The key here is to map out your report ahead of time, what you want to cover in each section and what needs to be included from a regulatory perspective. Identify areas of repetition and, where possible, streamline content, using cross-references to signpost where the reader can find information without having to re-report it.
When companies transition to a new strategy, the rationale and process are rarely explained properly. Changing a strategy is a fundamental decision and it should be carefully and honestly explained in the annual report. Make sure to address the reasons you have made a change – for example, market trends – and the governance process you went through to arrive at the new strategy.
Often a new strategy is unveiled at year end and is the focus of the communications. However, if the old strategy has been in place for the entire year being reported against then progress (or lack thereof) against the old strategy should still be reported.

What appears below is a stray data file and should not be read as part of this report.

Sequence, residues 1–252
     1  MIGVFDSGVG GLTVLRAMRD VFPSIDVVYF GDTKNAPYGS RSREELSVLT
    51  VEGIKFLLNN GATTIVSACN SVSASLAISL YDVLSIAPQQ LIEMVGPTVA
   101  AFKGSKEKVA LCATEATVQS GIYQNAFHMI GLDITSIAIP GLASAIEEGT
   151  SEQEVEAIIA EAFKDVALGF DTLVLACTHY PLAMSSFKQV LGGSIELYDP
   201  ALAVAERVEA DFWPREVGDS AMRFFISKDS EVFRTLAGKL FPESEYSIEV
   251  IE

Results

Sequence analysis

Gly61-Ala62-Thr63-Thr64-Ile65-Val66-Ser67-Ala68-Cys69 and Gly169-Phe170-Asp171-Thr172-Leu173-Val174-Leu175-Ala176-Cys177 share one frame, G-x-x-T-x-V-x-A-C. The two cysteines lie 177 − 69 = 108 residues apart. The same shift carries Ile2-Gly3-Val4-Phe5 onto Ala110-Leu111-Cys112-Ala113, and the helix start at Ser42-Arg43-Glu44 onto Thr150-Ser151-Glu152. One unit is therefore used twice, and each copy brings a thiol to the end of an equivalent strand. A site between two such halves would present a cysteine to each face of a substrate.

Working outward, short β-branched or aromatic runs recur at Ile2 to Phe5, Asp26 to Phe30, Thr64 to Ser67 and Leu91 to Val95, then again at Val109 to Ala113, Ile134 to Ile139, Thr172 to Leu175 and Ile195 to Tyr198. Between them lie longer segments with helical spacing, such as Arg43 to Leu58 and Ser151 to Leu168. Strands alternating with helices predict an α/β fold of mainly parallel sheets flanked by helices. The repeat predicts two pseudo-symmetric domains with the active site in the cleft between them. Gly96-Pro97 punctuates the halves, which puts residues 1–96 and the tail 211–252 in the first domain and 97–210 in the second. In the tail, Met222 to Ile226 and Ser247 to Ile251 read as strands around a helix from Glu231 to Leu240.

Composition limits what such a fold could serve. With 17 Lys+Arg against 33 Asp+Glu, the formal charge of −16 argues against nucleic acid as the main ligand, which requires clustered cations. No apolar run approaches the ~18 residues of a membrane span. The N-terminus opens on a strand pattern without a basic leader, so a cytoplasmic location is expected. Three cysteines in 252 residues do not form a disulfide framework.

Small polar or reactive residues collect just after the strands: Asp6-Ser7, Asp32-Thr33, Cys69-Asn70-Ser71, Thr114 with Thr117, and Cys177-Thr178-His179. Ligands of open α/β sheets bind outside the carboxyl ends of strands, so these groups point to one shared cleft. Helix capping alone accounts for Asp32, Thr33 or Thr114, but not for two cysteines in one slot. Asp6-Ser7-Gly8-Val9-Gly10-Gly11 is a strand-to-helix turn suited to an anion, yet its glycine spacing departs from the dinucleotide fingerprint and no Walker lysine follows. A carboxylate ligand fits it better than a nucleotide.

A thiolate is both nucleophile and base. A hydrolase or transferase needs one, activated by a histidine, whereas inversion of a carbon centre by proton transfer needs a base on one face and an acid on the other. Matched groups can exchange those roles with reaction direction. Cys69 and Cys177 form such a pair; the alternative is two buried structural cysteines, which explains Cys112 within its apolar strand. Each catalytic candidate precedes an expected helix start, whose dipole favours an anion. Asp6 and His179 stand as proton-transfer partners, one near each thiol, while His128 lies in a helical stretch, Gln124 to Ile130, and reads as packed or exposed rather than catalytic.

A common frustration for report readers is ‘strategic creep’, with current hot topics being added to the strategy, while legacy considerations are not being removed. The result is that it becomes bloated and unwieldy, and doesn’t reflect either the past strategy or the true approach of the business today.
Our advice here is to be ruthless in making your reporting of strategy material and tight. Question changes: are new components to the reported strategy genuine focus areas? Are there parts that are no longer relevant and can be removed?
Different companies, different challenges
These broad observations only scratch the surface of the issues we see in how some companies report their strategy and the improvements that can be made.
Each company will have to address their own unique challenges and will do so in different ways, so we can only go so far with generalised comments. If you would like us to make specific observations about how the way you articulate your strategy is likely to be received, please get in contact at [email protected].